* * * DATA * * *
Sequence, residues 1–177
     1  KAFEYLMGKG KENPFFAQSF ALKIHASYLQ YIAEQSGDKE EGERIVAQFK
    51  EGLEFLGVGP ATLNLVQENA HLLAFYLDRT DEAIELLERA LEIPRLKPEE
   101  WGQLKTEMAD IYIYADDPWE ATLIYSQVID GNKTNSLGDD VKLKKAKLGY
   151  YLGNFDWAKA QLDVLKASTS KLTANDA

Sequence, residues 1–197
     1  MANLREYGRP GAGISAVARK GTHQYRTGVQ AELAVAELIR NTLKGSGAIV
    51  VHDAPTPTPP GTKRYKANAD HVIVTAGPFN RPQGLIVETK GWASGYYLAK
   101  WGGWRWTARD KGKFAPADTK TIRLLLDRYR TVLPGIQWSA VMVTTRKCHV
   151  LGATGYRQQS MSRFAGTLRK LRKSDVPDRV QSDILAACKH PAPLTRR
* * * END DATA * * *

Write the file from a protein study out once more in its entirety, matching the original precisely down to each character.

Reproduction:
Sequence, residues 1–177
     1  KAFEYLMGKG KENPFFAQSF ALKIHASYLQ YIAEQSGDKE EGERIVAQFK
    51  EGLEFLGVGP ATLNLVQENA HLLAFYLDRT DEAIELLERA LEIPRLKPEE
   101  WGQLKTEMAD IYIYADDPWE ATLIYSQVID GNKTNSLGDD VKLKKAKLGY
   151  YLGNFDWAKA QLDVLKASTS KLTANDA

Sequence, residues 1–197
     1  MANLREYGRP GAGISAVARK GTHQYRTGVQ AELAVAELIR NTLKGSGAIV
    51  VHDAPTPTPP GTKRYKANAD HVIVTAGPFN RPQGLIVETK GWASGYYLAK
   101  WGGWRWTARD KGKFAPADTK TIRLLLDRYR TVLPGIQWSA VMVTTRKCHV
   151  LGATGYRQQS MSRFAGTLRK LRKSDVPDRV QSDILAACKH PAPLTRR